A methodology for assessing the functions of emerging speech in children with developmental disabilities

Dorothea C. Lerman, Mandy Parten, Laura R. Addison, Christina M. Vorndran, Valerie M. Volkert, Tiffany Kodak

Research output: Contribution to journalArticlepeer-review

36 Scopus citations


An approach based on Skinner's (1957) theory of verbal behavior has been developed to understand and teach elementary communication skills to children with autism and developmental disabilities (Sundberg & Partington, 1998). However, few studies have directly examined the characteristics of emerging language in children with developmental disabilities. The purpose of this study was to develop and evaluate an assessment for identifying the elementary functions of vocal speech in children. Participants were 4 children with developmental disabilities, aged 6 years to 12 years, who exhibited at least one distinguishable vocal response (word or phrase) frequently in the natural environment. The assessment focused on three verbal operants delineated by Skinner (mand, tact, and intraverbal). One or more functions were identified for at least one vocal response of each child. Results suggested that this assessment would be useful for (a) evaluating Skinner's theory, (b) guiding decisions about language training for individual children, and (c) studying the nature of expressive language development in children with developmental disabilities.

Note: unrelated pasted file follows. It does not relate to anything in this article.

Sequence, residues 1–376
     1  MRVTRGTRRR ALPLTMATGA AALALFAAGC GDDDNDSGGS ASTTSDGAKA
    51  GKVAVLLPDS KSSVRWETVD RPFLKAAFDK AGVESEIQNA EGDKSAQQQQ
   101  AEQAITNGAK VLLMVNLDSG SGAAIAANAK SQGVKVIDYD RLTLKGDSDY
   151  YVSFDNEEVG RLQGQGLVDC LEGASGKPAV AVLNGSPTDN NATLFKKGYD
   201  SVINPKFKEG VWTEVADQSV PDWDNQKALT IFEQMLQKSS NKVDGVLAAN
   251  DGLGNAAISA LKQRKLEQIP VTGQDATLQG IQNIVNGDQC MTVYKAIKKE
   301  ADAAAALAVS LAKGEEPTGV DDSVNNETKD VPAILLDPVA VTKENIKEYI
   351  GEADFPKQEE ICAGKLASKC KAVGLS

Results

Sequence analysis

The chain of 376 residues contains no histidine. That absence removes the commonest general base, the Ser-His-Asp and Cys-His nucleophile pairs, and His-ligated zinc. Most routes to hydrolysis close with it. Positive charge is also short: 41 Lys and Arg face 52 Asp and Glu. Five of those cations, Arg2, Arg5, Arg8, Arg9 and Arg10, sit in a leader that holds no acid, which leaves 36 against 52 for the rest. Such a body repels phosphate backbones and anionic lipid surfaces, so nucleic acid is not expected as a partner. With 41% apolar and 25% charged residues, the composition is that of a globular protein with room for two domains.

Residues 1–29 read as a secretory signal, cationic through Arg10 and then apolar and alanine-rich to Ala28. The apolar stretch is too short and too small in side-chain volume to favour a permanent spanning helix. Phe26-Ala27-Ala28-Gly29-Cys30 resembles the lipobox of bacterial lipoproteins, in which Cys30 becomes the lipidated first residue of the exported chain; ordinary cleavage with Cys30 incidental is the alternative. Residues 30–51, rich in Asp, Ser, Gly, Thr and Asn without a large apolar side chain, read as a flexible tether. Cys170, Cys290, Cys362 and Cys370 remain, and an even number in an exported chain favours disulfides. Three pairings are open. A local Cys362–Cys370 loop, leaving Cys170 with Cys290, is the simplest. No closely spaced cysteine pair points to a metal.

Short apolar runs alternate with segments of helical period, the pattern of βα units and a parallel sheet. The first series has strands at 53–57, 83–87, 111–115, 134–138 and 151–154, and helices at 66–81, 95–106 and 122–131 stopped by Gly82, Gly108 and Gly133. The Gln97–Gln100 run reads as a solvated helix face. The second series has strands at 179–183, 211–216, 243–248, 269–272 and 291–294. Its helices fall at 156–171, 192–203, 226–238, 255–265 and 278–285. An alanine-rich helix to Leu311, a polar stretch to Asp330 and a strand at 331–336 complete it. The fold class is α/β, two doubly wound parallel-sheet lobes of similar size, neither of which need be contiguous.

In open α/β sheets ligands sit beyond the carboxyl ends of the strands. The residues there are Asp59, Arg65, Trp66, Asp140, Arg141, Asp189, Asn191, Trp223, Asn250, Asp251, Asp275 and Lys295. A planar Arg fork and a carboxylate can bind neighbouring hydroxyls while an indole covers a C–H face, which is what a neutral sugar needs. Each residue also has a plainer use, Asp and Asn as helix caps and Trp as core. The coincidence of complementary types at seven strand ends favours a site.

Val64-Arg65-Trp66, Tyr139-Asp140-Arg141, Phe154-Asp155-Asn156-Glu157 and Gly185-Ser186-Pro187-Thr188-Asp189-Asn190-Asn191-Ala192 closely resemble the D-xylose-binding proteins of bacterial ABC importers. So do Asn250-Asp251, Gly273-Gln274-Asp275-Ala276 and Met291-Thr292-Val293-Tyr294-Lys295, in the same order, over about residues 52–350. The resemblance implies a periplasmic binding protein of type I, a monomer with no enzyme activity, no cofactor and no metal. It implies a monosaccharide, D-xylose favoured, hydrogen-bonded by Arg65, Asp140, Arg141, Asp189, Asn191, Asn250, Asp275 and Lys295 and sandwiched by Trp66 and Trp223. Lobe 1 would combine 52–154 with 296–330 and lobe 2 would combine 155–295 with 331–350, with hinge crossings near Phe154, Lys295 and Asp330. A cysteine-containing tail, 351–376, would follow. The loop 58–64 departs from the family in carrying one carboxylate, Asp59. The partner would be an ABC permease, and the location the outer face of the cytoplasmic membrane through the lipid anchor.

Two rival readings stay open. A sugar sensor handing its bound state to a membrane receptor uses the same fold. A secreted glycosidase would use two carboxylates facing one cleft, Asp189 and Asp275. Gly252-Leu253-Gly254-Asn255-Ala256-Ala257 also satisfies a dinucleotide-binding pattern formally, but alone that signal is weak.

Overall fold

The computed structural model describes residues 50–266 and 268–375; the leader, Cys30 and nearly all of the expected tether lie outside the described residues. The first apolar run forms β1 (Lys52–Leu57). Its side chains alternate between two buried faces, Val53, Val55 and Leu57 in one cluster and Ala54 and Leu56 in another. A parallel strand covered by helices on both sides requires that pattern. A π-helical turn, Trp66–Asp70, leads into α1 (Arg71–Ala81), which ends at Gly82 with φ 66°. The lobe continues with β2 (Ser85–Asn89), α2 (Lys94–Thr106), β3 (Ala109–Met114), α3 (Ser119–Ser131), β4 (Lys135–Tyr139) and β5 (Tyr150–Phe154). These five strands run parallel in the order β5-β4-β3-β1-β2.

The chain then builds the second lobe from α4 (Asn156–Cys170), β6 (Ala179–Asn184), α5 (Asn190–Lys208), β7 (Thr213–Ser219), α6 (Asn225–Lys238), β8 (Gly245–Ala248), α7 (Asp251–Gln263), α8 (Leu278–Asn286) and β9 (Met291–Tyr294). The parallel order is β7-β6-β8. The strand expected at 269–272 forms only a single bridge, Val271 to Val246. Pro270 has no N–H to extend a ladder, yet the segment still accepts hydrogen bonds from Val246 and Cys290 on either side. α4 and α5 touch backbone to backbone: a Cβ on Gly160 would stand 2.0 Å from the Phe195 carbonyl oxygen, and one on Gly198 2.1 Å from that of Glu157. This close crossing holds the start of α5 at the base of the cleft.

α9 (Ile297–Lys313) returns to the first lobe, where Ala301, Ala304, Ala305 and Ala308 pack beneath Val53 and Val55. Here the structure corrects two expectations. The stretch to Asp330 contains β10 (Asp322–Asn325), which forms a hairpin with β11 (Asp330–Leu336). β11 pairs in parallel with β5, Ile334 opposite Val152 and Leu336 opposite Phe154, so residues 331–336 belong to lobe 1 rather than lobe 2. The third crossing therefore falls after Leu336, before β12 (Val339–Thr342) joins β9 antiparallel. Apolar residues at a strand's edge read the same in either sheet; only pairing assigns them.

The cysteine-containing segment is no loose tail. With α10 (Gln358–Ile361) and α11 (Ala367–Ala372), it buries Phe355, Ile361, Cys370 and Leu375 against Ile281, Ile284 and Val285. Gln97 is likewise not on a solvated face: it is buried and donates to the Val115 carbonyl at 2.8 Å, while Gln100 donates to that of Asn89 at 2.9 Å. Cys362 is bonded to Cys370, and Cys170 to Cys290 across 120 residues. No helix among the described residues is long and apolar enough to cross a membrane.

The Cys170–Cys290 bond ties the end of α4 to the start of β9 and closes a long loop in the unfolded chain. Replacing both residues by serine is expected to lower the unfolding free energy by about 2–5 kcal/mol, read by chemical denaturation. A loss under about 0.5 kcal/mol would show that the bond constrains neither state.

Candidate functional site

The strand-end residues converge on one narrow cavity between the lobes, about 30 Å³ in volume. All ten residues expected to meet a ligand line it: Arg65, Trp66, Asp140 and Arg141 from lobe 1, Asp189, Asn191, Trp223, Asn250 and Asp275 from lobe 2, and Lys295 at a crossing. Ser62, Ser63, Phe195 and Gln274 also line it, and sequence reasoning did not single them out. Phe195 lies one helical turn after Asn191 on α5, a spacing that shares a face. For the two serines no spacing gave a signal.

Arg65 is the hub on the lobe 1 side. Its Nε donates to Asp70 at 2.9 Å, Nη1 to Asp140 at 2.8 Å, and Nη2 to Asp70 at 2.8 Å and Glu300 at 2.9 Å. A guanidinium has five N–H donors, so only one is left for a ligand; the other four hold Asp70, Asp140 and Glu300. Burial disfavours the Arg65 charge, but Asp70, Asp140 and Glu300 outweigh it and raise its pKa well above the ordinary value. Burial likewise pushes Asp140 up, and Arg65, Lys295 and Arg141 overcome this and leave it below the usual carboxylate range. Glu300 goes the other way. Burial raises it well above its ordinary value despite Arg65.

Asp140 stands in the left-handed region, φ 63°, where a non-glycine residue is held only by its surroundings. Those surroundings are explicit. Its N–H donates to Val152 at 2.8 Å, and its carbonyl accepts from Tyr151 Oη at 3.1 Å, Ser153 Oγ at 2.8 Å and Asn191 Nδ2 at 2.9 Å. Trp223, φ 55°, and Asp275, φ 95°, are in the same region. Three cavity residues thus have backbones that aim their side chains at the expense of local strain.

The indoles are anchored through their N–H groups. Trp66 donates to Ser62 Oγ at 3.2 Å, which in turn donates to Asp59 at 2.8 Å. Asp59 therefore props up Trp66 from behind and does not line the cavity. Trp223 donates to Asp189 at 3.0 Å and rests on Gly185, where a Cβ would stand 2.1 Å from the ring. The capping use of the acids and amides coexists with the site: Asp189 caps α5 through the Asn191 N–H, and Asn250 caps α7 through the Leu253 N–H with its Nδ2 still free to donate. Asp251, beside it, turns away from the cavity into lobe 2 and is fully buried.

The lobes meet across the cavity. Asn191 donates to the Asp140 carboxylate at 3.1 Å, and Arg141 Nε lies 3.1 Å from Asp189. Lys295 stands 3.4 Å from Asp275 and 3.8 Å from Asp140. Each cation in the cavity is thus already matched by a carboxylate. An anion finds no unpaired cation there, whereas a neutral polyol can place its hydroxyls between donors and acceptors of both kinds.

Original languageEnglish (US)
Pages (from-to)303-316
Number of pages14
JournalJournal of applied behavior analysis
Issue number3
StatePublished - 2005
Externally publishedYes


  • Autism
  • Communication training
  • Developmental disabilities
  • Functional analysis
  • Language
  • Speech
  • Verbal behavior

ASJC Scopus subject areas

  • Philosophy
  • Applied Psychology
  • Sociology and Political Science


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